Beginning with the first Rolly Waters novel, Black’s Beach Shuffle, one of the things I tried to do was to give my characters distinctive names. Since my protagonist was a musician, I came up with a system for naming all the characters after musicians or music-related entities. I didn’t want to make the names too obvious (no Miles Davis or Elvis Presley) because that would distract the reader from the story. So I decided to mash up the names—one from column A and one from column B. Here’s how it works:
Rolly Waters. Rolly is short for Roland, a company that makes any number of musical instruments, but are best known for their early drum machines, like the TR-808. Waters is for the seminal Chicago blues man, Muddy Waters.
Bonnie Hammond. Bonnie Raitt and Hammond Organs (or legendary A&R man and record producer, John Hammond)
Max Gemeinhardt. Named for the drummer for Bruce Springsteen and the E-Street Band, Max Weinberg. During my thankfully short-lived jazz-flute playing days, I used a Gemeinhardt flute.
Marley Scratch – for two titans of Reggae music, Bob Marley and dub inventor Lee “Scratch” Perry.
Moogus is a bit of a cheat, it’s a play on Moog, for Robert Moog, inventor of Moog synthesizers. In a later book we find out Moogus’ last name is Ludwig, which is a well-known drum manufacturer. But he’s really just Moogus.
I also applied this method to one-time characters.
Black’s Beach Shuffle:
Alesis Amati. Probably the most ornate name I’ve come up with, this one combines two musical instrument makers. Alesis made the first affordable digital reverb rack (I treasured mine). Amati is a violin manufacturer.
King Gibson. Easy one here. B.B. King and Gibson guitars.
Ricky Rogers is for 50s heartthrob Ricky Nelson. And Rogers drums.
Border Field Blues:
Dr. Zildjian Ramoñes – another slight cheat, but rather clever (I think). The name uses the seminal punk band, the Ramones, with a tilde (ñ) added over the n to give it a Spanish flair. The doctor’s first name, Zildjian, is known to all drummers as manufacturer of the world’s finest cymbals.
Alicia, Rolly’s step-mother, is named for Alicia Keys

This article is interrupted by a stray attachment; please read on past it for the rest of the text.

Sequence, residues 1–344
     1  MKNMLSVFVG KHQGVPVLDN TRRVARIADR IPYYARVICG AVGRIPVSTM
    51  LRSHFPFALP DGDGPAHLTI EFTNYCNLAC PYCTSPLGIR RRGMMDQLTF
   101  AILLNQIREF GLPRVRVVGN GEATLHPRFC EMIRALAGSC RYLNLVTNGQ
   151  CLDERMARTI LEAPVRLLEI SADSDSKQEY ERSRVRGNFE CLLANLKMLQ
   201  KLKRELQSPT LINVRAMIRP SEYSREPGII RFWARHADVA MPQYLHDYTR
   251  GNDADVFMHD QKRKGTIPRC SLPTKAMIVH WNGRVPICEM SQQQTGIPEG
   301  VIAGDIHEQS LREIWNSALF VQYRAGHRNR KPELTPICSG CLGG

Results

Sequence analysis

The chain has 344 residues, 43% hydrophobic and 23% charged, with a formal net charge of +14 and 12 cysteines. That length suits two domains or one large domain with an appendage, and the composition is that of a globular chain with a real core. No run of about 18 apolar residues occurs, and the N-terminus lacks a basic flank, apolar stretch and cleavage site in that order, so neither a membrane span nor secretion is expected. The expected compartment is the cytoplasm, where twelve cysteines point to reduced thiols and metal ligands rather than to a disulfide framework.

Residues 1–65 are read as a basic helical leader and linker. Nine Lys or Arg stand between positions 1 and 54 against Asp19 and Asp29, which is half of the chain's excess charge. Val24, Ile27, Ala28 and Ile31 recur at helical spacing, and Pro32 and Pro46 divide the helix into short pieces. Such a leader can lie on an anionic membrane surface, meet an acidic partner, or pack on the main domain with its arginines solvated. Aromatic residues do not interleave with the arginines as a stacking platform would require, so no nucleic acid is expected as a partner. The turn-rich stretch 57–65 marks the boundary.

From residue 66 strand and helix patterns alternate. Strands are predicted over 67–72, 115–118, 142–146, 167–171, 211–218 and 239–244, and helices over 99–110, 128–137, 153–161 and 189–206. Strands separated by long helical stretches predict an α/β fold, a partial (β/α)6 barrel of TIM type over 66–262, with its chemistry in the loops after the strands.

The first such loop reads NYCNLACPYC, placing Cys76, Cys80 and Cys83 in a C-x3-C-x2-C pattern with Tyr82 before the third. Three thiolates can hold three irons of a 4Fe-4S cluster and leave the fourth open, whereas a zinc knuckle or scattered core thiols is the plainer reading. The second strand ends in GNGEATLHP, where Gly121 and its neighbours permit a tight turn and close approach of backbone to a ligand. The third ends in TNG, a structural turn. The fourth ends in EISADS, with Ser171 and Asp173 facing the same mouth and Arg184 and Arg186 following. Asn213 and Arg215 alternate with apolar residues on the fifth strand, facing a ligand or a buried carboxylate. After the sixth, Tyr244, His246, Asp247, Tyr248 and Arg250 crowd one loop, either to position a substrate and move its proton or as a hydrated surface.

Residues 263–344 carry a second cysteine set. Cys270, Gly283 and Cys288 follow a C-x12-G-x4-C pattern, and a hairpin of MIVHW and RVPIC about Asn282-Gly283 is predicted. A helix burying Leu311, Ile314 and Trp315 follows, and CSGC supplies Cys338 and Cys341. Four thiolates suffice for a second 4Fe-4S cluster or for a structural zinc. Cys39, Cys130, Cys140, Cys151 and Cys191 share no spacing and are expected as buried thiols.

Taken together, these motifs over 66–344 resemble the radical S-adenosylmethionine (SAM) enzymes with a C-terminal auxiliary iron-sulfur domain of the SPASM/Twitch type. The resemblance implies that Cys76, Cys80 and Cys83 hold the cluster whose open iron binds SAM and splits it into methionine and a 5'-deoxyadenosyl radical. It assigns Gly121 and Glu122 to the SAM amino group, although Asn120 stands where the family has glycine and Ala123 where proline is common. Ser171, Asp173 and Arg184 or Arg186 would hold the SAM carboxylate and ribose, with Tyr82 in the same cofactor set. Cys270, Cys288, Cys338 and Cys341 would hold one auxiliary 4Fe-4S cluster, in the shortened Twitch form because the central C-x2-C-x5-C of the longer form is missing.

Tangerine is named for a song on Led Zeppelin III or the jazz standard by Johnny Mercer and Victor Schertzinger. Take your pick.
Burdon for Eric Burdon, lead singer of The Animals (House of the Rising Sun) and the early version of War (Spill that Wine).
Desert City Diva:
Macy Starr comes from a combination of Macy Gray and Ringo, who doesn’t need a last name.
Cool Bob because Bob Dylan is as cool as they come. And he speaks in riddles, just like Cool Bob.
Buddy Meeks is a slight cheat. It combines blues string-bender nonpareil Buddy Guy with innovative English record producer, musician, sound engineer Joe Meek.
Ballast Point Breakdown
Butch Fleetwood combines alt-rock producer Butch Vig (Nirvana, The Smashing Pumpkins, Sonic Youth) with drummer Mick Fleetwood of Fleetwood Mac.
Janet Withers is a Janet Jackson and Bill Withers mashup.
Anytime a pair of FBI agents show up, they’re named after a famous songwriting team. In Black’s Beach Shuffle, agents Porter and Hayes are named for the great Stax Records songwriting team of David Porter and Isaac Hayes who composed soul classics such as Hold on, I’m Comin’, Soul Man, and When Something is Wrong with My Baby.
For Ballast Point Breakdown, I used a new FBI team named Goffin and King, for the Brill Building husband and wife team Gerry Goffin and Carole King who wrote Will You Still Love Me Tomorrow?, Some Kind of Wonderful, (You Make Me Feel Like) A Natural Woman, and Up on the Roof among others. King, of course, went on to write and perform the gazillion-selling album Tapestry.